Emerging Markets Debt Daily
EM Rate Hawks – First In, First Out?Natalia Gurushina, Chief Economist, Emerging Markets Fixed Income StrategyJuly 23, 2021
Russia delivered a hefty 100bps rate hike, but signaled that it might take a pause. Brazil cannot afford such luxury yet, as mid-month inflation accelerated to 8.59% year-on-year.
Do you still think that Russia is “a riddle wrapped in a mystery inside an enigma”? Not anymore. It is all very transparent these days – at least as regards monetary policy guidance. All you need to do is to look at one of Governor’s Nabiullina’s awesome brooches that she wears at her press conferences. Today’s was “a cloud with rain drops” (see picture below), and this probably means that the central bank (CBR) intends to rain on the hawkish parade (=take a pause) after a hefty 100bps rate hike. Easy!
broochexample is actually quite interesting. For most of this year, we were focusing on the timing of rate hikes – both in emerging markets (EM) and developed markets (DM). But the change in the CBR’s tone begs a different question – if a central bank does a ton of aggressive frontloaded tightening (like Russia) in response to rapidly rising inflation (just as a “grown-up” institution with the inflation-targeting mandate should do), is it time to think about rate cuts somewhere down the road? The market currently prices in approximately 60bps of cuts in Russia in 6 to 12 month. But these expected (albeit still remote) cuts would not be in the same category as China’s recent “blanket” 50bps cut in the reserve requirements for banks. The latter was a response to the near-term growth/liquidity hiccups, and the current expectation is that China’s policy normalization would resume once these risks fade away. Russia’s future rate cut(s) would be a more natural evolution of an uninterrupted monetary policy cycle over time.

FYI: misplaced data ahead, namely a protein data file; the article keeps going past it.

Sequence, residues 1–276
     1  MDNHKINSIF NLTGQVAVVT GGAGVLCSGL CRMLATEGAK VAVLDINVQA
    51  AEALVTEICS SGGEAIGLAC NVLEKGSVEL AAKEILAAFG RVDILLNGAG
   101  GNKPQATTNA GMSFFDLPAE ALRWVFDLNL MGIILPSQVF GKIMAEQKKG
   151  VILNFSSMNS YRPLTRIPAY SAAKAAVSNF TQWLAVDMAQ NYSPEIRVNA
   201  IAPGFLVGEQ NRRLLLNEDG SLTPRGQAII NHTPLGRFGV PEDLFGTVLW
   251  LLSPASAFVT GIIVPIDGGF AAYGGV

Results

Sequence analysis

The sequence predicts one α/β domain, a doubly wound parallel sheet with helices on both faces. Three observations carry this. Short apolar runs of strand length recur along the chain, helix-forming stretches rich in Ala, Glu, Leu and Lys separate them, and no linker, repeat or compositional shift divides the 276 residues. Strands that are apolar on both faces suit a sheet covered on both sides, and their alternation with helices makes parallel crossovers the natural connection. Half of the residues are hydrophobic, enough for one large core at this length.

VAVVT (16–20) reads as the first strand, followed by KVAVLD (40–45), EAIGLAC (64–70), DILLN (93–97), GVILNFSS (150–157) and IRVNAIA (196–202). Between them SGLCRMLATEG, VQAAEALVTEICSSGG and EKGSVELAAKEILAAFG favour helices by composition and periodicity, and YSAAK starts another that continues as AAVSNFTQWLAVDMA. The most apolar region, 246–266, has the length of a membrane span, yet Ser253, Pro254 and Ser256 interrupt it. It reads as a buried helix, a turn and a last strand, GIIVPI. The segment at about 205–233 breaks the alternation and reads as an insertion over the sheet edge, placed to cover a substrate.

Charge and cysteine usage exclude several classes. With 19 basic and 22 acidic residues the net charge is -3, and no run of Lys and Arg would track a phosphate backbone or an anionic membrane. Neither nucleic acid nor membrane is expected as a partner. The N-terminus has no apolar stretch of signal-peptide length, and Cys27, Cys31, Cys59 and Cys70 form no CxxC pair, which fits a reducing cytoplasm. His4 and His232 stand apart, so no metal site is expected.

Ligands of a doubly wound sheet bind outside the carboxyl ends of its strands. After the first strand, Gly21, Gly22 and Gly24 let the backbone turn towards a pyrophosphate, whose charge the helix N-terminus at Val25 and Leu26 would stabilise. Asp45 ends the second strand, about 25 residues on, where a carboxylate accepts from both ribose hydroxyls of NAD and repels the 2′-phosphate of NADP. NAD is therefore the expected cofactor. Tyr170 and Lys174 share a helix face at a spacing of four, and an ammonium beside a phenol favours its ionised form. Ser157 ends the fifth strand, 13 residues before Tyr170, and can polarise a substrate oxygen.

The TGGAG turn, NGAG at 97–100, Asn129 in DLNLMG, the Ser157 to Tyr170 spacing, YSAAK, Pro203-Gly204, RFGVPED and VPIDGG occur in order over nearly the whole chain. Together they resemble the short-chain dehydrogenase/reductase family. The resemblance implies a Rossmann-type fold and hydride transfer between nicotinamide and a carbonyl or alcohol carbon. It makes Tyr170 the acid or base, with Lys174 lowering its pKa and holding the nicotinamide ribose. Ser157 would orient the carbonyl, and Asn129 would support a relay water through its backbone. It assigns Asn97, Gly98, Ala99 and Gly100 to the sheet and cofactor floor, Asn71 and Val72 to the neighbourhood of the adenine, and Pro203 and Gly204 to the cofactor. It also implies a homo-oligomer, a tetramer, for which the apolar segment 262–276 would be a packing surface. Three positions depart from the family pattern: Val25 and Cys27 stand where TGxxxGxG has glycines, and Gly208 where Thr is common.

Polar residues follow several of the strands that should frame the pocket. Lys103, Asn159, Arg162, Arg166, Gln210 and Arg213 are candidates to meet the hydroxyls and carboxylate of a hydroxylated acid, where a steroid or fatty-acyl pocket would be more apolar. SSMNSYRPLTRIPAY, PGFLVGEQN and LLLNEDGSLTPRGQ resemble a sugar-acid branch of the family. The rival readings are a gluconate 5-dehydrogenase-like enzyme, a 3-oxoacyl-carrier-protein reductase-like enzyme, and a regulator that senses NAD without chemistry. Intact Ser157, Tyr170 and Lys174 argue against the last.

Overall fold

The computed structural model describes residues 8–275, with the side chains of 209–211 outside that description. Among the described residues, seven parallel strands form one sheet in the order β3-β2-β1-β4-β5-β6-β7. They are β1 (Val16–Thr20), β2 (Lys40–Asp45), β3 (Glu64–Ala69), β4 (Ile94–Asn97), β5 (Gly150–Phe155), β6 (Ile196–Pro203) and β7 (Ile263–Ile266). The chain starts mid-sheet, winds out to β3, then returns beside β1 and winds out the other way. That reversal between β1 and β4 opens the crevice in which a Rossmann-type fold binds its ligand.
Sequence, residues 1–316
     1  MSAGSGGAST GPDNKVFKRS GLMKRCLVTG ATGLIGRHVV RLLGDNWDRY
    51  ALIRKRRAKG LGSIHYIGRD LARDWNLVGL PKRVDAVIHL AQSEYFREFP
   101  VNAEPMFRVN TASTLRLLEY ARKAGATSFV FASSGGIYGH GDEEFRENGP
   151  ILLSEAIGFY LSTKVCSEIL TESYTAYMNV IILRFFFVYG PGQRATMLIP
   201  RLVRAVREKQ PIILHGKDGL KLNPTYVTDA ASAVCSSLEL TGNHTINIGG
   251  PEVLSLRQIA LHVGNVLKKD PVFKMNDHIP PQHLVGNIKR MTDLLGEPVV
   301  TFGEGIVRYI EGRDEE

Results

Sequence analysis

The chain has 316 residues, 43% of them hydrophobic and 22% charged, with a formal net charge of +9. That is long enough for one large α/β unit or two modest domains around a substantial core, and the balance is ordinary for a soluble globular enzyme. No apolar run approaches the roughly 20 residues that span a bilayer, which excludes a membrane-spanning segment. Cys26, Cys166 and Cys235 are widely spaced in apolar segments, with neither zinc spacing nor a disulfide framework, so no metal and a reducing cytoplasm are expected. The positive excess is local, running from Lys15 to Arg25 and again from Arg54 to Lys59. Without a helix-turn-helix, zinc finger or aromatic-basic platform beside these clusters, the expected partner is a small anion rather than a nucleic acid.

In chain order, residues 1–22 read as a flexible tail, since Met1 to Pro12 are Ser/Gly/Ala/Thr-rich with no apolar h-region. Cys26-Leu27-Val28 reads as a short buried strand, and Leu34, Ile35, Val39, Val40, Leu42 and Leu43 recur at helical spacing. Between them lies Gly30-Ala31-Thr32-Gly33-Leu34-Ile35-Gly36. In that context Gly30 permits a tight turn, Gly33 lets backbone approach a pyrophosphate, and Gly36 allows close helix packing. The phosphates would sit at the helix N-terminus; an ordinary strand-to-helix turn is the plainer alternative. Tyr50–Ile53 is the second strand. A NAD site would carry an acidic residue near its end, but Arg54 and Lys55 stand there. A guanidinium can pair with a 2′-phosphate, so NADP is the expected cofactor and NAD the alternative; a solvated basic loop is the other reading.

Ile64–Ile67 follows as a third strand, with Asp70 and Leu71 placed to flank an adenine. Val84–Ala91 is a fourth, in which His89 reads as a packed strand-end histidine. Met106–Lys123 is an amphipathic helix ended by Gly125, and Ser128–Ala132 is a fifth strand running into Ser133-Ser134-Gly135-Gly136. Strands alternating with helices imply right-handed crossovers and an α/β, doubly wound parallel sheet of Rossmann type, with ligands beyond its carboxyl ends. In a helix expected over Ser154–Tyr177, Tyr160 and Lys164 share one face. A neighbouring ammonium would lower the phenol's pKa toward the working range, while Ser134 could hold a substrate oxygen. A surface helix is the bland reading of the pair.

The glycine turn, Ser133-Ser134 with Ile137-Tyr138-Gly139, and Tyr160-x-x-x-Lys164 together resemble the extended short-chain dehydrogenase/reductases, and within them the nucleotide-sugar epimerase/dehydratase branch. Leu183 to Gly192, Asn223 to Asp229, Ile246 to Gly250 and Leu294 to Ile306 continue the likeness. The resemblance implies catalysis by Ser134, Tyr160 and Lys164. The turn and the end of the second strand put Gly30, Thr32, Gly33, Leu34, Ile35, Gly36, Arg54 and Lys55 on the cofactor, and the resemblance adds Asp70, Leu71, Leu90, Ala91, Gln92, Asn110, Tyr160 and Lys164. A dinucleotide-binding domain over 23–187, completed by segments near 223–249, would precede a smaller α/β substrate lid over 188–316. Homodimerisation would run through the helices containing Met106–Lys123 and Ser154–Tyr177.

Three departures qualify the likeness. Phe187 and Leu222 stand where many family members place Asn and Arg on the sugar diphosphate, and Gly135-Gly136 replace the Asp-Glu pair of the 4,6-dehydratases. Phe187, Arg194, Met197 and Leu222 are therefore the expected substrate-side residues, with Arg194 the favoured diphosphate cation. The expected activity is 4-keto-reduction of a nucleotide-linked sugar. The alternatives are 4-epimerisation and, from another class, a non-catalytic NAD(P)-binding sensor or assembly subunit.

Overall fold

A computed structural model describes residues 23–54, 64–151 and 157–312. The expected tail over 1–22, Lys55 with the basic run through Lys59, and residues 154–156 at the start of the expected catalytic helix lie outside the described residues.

And just in case you were wondering (and in line with our motto “EM is not a monolith”), we are still in (or getting close to) the first part of the tightening-easing policy sequence in most EMs. Take Brazil, for example. Brazil’s mid-month inflation accelerated at a faster pace than expected, reaching 8.59% year-on-year. This means that the real policy rate is very negative (about -4%), which is why the local swap curve continues to price in a 93bps rate hike in August, followed by 223bps more in the rest of the year. Stay tuned!
Charts at a Glance: Russia Sends a Clear Policy Signal without a Single Word
Source: Screenshot from the Central Bank of Russia Press Conference, 23 July 2021
PMI – Purchasing Managers’ Index: economic indicators derived from monthly surveys of private sector companies. A reading above 50 indicates expansion, and a reading below 50 indicates contraction; ISM – Institute for Supply Management PMI: ISM releases an index based on more than 400 purchasing and supply managers surveys; both in the manufacturing and non-manufacturing industries; CPI – Consumer Price Index: an index of the variation in prices paid by typical consumers for retail goods and other items; PPI – Producer Price Index: a family of indexes that measures the average change in selling prices received by domestic producers of goods and services over time; PCE inflation – Personal Consumption Expenditures Price Index: one measure of U.S. inflation, tracking the change in prices of goods and services purchased by consumers throughout the economy; MSCI – Morgan Stanley Capital International: an American provider of equity, fixed income, hedge fund stock market indexes, and equity portfolio analysis tools; VIX – CBOE Volatility Index: an index created by the Chicago Board Options Exchange (CBOE), which shows the market's expectation of 30-day volatility. It is constructed using the implied volatilities on S&P 500 index options.; GBI-EM – JP Morgan’s Government Bond Index – Emerging Markets: comprehensive emerging market debt benchmarks that track local currency bonds issued by Emerging market governments; EMBI – JP Morgan’s Emerging Market Bond Index: JP Morgan's index of dollar-denominated sovereign bonds issued by a selection of emerging market countries; EMBIG - JP Morgan’s Emerging Market Bond Index Global: tracks total returns for traded external debt instruments in emerging markets.
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